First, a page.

I’m also troubled by this censorship in light of the clear pro-Obama bias that Flickr’s staff has shown. If you do a search for the word “Obama” on the flickr blog you get 74 different results, many of them very positive. By contrast a search for “Bush” on the Flickr blog only pulls up 5 results (even though Flickr has existed much longer under President Bush’s presidency than President Obama’s).
Now I have no trouble or problem with anyone on Flickr staff or anyone at Yahoo personally supporting whatever candidate they want. Yahoo CEO Carol Bartz personally contributed to both Bush and McCain and currently serves as a finance co-chair for Republican Gubernatorial candidate Meg Whitman’s finance committe. But I think when personal politics begin to take on a bigger role in corporate communications and especially when it begins resulting in politically motivated censorship that things have gone too far in the wrong direction. I hope that Yahoo does in fact consider it a mistake in hindsight to have deleted this clear fair use image critical of the President and that they take steps to ensure that this sort of politically motivated censorship by Flickr Staff is curtailed in the future.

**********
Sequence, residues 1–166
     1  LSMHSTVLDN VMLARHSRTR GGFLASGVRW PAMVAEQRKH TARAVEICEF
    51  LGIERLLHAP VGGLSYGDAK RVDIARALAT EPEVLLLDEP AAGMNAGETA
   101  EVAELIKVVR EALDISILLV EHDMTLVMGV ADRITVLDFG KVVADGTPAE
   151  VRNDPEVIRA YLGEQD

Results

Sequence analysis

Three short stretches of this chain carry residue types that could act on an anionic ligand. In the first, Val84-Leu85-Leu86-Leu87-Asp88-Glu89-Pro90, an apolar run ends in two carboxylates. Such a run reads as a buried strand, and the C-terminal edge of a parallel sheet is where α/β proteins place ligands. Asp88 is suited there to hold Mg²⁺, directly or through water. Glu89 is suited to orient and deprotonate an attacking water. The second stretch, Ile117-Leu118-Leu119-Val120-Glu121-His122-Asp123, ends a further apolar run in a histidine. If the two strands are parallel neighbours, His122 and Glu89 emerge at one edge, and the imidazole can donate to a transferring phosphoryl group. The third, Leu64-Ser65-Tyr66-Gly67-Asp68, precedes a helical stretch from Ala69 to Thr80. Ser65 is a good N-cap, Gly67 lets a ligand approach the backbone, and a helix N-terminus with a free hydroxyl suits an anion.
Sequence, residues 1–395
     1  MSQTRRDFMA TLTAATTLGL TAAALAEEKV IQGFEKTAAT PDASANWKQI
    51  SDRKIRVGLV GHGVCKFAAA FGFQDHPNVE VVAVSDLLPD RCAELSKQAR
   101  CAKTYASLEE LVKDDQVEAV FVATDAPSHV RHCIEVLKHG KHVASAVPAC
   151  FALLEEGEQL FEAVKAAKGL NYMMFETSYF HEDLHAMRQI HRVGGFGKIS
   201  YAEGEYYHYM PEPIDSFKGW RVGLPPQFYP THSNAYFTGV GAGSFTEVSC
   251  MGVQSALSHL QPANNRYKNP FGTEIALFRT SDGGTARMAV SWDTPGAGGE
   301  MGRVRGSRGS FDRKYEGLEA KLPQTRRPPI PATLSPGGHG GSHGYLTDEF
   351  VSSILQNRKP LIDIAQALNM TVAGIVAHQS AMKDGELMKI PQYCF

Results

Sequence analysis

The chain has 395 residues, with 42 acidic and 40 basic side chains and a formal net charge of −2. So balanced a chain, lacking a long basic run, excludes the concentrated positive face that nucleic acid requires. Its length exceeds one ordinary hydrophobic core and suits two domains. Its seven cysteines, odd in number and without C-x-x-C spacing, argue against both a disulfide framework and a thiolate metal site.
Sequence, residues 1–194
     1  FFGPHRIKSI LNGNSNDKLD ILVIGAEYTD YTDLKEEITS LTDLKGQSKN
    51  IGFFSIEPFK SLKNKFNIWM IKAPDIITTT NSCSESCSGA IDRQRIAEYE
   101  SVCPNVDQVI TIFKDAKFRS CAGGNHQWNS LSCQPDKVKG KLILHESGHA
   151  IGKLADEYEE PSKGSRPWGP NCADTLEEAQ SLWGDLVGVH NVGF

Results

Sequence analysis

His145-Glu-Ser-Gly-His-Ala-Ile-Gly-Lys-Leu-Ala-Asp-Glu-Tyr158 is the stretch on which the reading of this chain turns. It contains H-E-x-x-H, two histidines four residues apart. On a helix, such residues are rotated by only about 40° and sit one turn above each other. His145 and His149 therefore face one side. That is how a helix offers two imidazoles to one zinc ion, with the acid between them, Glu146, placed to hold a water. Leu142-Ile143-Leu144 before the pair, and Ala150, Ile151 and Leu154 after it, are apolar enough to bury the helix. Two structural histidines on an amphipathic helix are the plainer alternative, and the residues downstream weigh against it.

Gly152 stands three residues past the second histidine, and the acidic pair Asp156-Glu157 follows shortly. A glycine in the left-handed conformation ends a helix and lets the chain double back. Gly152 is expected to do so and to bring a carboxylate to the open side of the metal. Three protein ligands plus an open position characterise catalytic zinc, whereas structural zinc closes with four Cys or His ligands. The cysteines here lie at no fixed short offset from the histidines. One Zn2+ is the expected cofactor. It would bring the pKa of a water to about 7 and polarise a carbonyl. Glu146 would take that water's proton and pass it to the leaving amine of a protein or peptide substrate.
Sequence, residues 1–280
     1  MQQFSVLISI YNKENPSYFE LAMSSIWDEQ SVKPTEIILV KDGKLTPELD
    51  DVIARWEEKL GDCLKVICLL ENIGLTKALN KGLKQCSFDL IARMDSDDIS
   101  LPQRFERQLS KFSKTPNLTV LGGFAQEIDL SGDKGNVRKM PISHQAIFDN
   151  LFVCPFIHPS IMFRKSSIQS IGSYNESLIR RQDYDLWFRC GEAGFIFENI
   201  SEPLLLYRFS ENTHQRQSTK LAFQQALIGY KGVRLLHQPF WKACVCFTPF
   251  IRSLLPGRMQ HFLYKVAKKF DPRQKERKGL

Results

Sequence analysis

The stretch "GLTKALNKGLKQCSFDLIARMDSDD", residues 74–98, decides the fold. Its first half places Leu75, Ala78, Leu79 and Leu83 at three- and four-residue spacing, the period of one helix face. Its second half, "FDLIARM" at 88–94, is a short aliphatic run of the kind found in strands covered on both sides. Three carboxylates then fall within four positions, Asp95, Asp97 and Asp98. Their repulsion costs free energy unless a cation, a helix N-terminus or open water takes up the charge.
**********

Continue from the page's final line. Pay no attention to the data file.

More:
I’ve contacted Alkhateeb about his image deletion and will hopefully be able to report back with more directly from him when I hear back from him.
I’ve also posted the exact same image that Flickr deleted to my own photostream. Let’s see if Flickr decides to censor me as well.
Update: bitchville over at Flickr pointed out that using the Weird Al example is actually a poor one since Weird Al actually had permission from Michael Jackson to record that song. I should have researched that more. A better example of the courts rulling in favor of parody would be that of the band 2 Live Crew and their version of “Pretty Woman.”